Physical training as treatment for type 2 (non-insulin-dependent) diabetes in elderly men. A feasibility study over 2 years

Diabetologia. 1987 Dec;30(12):930-3. doi: 10.1007/BF00295876.

Abstract

At a health examination of men approximately 60 years old, 48 were found to have Type 2 (non-insulin-dependent) diabetes. All had been healthy 10 years earlier. The intention was to randomly allocate those with mild diabetes to a training or a control group and study the long-term influence of regular training on the progress of the disease. However, it was found that the majority--39 of 48--had other diseases or were on treatment which made regular training difficult and would have complicated the interpretation of the metabolic effects of training. Eight men took part in a physical training programme for up to 2 years. Aerobic capacity, glucose tolerance and serum lipoproteins were measured before and at the end of the training period. Another group of eight men with Type 2 diabetes, of similar weight, age and relative aerobic capacity, who did not undergo the physical training, served as control subjects. The oxygen uptake increased by 16% in the training group and decreased by 12% in the control group but no significant changes could be demonstrated in body weight, fasting blood glucose, serum lipoproteins, glucose tolerance or insulin values at a 75-g oral glucose tolerance test between the two groups. Two patients in the training group developed coronary heart disease, two deteriorated metabolically (drug treatment had to be added), and there were two drop-outs. The results cast doubts on the feasibility and efficacy of physical training as a long-term treatment for the majority of Type 2 diabetic patients, who are older than 60 years.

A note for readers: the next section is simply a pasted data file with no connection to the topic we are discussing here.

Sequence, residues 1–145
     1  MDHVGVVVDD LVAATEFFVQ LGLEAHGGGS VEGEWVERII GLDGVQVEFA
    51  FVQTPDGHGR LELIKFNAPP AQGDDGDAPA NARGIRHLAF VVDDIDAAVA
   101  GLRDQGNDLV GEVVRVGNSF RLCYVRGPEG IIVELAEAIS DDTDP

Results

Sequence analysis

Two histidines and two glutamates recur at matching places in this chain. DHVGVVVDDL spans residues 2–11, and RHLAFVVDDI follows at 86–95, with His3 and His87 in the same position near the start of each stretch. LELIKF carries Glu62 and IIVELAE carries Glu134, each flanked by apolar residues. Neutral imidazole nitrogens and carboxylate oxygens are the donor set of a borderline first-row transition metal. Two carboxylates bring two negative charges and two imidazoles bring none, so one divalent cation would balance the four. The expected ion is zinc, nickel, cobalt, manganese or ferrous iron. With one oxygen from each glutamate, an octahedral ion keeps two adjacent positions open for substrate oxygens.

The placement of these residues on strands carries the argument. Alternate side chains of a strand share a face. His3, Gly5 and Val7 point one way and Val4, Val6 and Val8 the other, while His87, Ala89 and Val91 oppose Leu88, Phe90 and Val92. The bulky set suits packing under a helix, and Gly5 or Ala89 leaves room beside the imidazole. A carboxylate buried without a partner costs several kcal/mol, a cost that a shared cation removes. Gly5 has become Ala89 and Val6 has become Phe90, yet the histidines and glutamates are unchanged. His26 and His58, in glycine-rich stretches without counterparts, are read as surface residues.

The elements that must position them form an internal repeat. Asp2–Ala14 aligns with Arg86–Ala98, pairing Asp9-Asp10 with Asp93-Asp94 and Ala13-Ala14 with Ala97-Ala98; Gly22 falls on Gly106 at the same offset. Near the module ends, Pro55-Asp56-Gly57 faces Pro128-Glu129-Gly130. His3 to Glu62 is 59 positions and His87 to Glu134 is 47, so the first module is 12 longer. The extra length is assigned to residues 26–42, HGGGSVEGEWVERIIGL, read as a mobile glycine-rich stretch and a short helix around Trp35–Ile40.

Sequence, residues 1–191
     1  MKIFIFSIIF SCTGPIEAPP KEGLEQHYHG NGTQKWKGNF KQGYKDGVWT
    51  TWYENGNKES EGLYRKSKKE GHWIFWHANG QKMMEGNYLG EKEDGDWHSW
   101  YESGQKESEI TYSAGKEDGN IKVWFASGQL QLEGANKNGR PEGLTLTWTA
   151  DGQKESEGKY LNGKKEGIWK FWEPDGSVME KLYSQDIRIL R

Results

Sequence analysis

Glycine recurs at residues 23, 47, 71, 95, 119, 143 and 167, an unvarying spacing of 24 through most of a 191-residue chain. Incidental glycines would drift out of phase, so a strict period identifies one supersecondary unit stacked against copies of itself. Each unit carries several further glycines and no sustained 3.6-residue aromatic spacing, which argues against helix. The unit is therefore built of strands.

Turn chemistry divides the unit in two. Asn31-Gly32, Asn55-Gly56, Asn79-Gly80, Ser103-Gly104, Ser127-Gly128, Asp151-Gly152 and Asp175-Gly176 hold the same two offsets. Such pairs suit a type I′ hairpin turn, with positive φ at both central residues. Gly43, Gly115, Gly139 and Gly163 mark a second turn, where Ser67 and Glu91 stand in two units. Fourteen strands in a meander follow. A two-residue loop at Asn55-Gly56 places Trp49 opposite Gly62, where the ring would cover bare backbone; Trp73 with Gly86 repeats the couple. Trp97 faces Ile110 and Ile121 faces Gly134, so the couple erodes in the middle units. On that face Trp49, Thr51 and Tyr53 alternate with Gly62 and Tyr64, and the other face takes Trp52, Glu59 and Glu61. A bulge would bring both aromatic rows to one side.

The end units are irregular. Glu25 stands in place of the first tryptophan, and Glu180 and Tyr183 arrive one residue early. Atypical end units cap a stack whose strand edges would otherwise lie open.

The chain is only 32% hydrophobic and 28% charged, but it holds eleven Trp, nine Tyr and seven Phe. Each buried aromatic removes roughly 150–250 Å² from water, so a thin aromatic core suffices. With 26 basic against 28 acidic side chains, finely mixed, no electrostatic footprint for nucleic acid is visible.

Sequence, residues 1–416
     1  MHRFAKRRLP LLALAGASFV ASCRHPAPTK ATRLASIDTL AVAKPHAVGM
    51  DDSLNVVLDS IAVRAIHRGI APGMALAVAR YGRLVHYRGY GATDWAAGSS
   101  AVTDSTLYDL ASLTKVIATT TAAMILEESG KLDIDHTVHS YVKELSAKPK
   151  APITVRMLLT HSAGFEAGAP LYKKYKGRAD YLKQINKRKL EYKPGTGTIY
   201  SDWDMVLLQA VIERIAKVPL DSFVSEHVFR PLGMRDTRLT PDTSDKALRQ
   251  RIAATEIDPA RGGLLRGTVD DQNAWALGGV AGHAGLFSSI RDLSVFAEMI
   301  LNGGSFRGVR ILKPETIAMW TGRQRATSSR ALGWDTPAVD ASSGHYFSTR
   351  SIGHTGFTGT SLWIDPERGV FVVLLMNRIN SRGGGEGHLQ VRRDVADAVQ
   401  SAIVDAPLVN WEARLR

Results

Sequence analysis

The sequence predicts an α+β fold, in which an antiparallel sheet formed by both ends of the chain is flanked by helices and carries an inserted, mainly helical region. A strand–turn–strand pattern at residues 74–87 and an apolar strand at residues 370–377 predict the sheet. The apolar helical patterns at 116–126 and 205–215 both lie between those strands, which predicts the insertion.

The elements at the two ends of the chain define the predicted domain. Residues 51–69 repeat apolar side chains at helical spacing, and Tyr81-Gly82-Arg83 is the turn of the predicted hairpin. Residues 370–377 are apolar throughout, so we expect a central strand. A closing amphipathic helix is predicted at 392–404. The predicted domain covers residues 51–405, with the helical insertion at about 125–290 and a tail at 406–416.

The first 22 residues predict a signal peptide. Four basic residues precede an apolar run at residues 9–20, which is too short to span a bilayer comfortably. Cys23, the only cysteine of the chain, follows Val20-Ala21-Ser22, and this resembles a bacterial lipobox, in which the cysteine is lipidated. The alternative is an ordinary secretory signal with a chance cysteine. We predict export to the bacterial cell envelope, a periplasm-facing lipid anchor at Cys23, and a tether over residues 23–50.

Publication types

  • Research Support, Non-U.S. Gov't

MeSH terms

  • Diabetes Mellitus, Type 2 / therapy*
  • Exercise Therapy*
  • Feasibility Studies
  • Glucose Tolerance Test
  • Humans
  • Lipoproteins / blood
  • Male
  • Middle Aged
  • Oxygen Consumption
  • Random Allocation

Substances

  • Lipoproteins